Description Usage Arguments Details Value Examples

This function calculates MI and BCMI between a set of continuous variables and a set of discrete variables (variables in columns). It also performs jackknife bias correction and provides a z-score for the hypothesis of no association. Also included are the *.pw functions that calculate MI between two vectors only. The *njk functions do not perform the jackknife and are therefore faster.

1 2 3 4 |

`cts` |
The data matrix. Each row is an observation and each column is a variable of interest. Should be numerical data. (For the pairwise functions this should be a vector.) |

`disc` |
Matrix of discrete data, each row is an observation and each column is a variable. Will be coerced to integers. (For the pairwise functions this should be a vector.) |

`level` |
The number of levels used for plug-in bandwidth estimation (see the documentation for the KernSmooth package.) |

`na.rm` |
Remove missing values if TRUE. This is required for the bandwidth calculation. |

`h` |
A (double) vector of smoothing bandwidths, one for each variable. If missing this will be calculated using the dpik() function from the KernSmooth package. |

`...` |
Additional options passed to dpik() if necessary. |

mminjk() and mminjk.pw() return just the MI values without performing the
jackknife. mmi.pw() and mminjk.pw() only require one bandwidth for the
continuous variable. The number of processor cores used can be changed by
setting the environment variable "OMP_NUM_THREADS" *before* starting R.

Returns a list of 3 matrices each of size ncol(cts) by ncol(disc). Each row index represents a continuous variable and each column index a discrete variable.

`mi` |
The raw MI estimates. |

`bcmi` |
Jackknife bias corrected MI estimates (BCMI). These are each MI value minus the corresponding jackknife estimate of bias. |

`zvalues` |
z-scores for each hypothesis that the corresponding bcmi value is zero. These have poor statistical properties but can be useful as a rough measure of the strength of association. |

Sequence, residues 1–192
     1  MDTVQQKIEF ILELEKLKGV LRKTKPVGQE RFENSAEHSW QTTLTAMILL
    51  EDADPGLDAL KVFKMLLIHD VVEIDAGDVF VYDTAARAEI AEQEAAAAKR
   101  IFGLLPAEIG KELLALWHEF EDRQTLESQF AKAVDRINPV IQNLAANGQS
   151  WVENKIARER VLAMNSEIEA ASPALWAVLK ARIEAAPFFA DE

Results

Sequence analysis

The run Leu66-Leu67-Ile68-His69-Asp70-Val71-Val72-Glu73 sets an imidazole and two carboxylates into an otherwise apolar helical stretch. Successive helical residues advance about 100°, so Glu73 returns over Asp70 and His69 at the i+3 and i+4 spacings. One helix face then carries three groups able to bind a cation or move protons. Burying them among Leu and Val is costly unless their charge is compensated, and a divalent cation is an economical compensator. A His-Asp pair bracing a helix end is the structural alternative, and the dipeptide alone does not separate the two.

1 2 3 4 5 6 7 8 9 10 11 12 13 14 15 16 17 18 19 20 21 22 23 24 25 26 27 28 29 30 31 32 33 34 35 36 37 38 39 40 41 | ```
##################################################
# A dataset with discrete and continuous variables
cts <- state.x77
disc <- data.frame(state.division,state.region)
summary(cts)
table(disc)
m1 <- mmi(cts, disc)
lapply(m1, round, 2)
# Division gives more information about the continuous variables than region.
# Here is one where both division and region show a strong association:
boxplot(cts[,6] ~ disc[,1])
boxplot(cts[,6] ~ disc[,2])
# In this case the states need to be divided into regions before a clear
# association can be seen:
boxplot(cts[,1] ~ disc[,1])
boxplot(cts[,1] ~ disc[,2])
# Look at associations within the continuous variables:
pairs(cts, col = state.region)
c1 <- cmi(cts)
lapply(c1, round, 2)
##################################################
# A pairwise comparison
# Note that the ANOVA homoskedasticity assumption is not satisfied here.
boxplot(InsectSprays[,1] ~ InsectSprays[,2])
mmi.pw(InsectSprays[,1], InsectSprays[,2])
##################################################
# Another pairwise comparison
boxplot(morley[,3] ~ morley[,1])
m2 <- mmi.pw(morley[,3], morley[,1])
m2
##################################################
# See the vignette for large-scale examples.
``` |

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